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September 1967

Collateral Arterial Flow Under Normotensive and Hypotensive Conditions: Effects of Autotransfusion, Normal Saline Solution Infusion, and Dextran 40 Infusion

Arch Surg. 1967;95(3):395-401. doi:10.1001/archsurg.1967.01330150071011

THESE studies were undertaken to quantify the significance of mainstem arterial backflow distal to acute and chronic occlusions.

Three interdependent questions were posed: (1) Is backflow distal to an arterial occlusion invariably a measure of the patency of collateral channels? (2) To what extent does backflow reflect such determinants as blood volume, systolic arterial pressure, central venous pressure, cardiac output, peripheral resistance, and blood dilution? (3) What are the most effective means of enhancing backflow distal to acute and chronic arterial occlusions.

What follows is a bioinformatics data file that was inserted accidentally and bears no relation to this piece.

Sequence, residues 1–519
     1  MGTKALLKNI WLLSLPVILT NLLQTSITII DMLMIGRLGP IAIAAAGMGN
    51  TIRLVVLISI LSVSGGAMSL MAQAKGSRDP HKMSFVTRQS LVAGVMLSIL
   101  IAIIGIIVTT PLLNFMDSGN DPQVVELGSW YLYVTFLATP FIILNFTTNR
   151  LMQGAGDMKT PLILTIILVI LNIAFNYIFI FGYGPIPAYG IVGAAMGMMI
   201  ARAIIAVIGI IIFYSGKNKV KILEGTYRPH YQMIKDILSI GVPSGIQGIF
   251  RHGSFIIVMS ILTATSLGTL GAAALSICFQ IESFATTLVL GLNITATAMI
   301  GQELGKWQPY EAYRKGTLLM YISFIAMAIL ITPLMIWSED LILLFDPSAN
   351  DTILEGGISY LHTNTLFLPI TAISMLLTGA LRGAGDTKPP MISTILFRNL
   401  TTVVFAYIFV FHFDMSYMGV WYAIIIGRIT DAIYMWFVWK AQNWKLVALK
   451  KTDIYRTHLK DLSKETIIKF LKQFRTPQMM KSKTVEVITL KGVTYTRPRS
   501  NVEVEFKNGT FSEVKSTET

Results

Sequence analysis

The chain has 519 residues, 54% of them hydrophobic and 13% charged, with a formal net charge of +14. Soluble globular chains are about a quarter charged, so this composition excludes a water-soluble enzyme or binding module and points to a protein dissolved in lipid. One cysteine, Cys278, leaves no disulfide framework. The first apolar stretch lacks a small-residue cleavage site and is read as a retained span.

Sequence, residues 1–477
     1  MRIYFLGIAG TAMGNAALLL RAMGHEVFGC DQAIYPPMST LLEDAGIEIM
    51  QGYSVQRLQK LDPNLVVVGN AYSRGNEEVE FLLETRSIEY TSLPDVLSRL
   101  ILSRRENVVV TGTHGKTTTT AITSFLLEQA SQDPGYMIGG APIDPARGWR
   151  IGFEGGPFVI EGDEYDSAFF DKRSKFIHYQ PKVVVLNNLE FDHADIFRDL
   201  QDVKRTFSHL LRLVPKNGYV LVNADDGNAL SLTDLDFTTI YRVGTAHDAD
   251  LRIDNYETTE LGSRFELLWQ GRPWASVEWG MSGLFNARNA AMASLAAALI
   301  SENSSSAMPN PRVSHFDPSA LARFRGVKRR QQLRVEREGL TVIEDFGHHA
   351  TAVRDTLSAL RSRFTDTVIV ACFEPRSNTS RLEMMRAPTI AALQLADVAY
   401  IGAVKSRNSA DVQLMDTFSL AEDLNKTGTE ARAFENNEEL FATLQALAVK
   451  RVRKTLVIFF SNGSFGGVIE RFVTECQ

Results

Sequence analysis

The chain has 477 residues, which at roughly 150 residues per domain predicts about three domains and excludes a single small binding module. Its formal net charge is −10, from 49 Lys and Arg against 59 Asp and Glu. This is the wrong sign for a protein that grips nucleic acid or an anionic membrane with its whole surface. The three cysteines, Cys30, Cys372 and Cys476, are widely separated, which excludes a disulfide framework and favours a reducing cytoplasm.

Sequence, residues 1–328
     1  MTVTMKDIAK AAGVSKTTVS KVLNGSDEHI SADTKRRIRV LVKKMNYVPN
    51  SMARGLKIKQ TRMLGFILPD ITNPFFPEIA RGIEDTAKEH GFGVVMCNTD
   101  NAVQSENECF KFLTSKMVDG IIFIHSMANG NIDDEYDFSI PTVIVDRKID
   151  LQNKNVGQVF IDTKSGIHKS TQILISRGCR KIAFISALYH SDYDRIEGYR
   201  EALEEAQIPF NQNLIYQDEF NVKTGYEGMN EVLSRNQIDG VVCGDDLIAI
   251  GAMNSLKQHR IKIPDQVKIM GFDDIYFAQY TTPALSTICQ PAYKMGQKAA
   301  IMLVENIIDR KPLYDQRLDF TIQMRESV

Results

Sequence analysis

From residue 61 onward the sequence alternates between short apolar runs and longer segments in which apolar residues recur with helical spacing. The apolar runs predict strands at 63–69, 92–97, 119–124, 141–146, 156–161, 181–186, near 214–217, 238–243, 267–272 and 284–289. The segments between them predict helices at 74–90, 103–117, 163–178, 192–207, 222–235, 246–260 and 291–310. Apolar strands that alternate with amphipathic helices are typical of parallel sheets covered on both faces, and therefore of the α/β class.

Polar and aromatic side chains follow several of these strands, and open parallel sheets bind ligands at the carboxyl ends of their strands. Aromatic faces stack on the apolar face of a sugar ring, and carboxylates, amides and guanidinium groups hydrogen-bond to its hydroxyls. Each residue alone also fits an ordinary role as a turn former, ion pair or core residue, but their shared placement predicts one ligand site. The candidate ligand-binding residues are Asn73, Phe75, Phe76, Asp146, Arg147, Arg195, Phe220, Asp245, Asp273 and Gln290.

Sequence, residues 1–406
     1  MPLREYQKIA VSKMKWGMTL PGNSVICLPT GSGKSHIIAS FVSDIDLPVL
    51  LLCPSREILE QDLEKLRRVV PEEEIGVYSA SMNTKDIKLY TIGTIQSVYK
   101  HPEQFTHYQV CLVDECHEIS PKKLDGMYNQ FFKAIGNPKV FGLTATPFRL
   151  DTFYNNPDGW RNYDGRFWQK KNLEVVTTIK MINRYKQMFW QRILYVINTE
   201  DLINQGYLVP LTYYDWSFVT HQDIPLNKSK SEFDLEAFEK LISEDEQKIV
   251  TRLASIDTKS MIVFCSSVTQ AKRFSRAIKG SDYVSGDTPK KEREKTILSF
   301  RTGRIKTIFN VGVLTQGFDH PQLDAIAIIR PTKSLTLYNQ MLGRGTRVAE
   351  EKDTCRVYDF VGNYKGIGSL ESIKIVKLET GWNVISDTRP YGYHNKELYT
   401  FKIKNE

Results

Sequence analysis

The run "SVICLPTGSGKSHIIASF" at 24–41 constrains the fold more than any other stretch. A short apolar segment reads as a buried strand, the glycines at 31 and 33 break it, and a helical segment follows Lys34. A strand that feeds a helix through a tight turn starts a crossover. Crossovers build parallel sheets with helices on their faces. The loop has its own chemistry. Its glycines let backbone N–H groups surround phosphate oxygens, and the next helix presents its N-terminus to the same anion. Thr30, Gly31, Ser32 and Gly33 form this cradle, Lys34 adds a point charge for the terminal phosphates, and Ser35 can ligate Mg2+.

Methods  Eighteen adult mongrel dogs weighing approximately 30 kg (±3.5 kg) were operated on with the animal under light barbiturate anesthesia induced by intravenous injection of pentobarbital. An endotracheal tube was inserted to deliver 100% oxygen from a mechanical respirator. Through bilateral incisions in the femoral triangles, both iliofemoral arteries were exposed. All branches were ligated from the iliac origin of the inferior epigastric arteries to the midthigh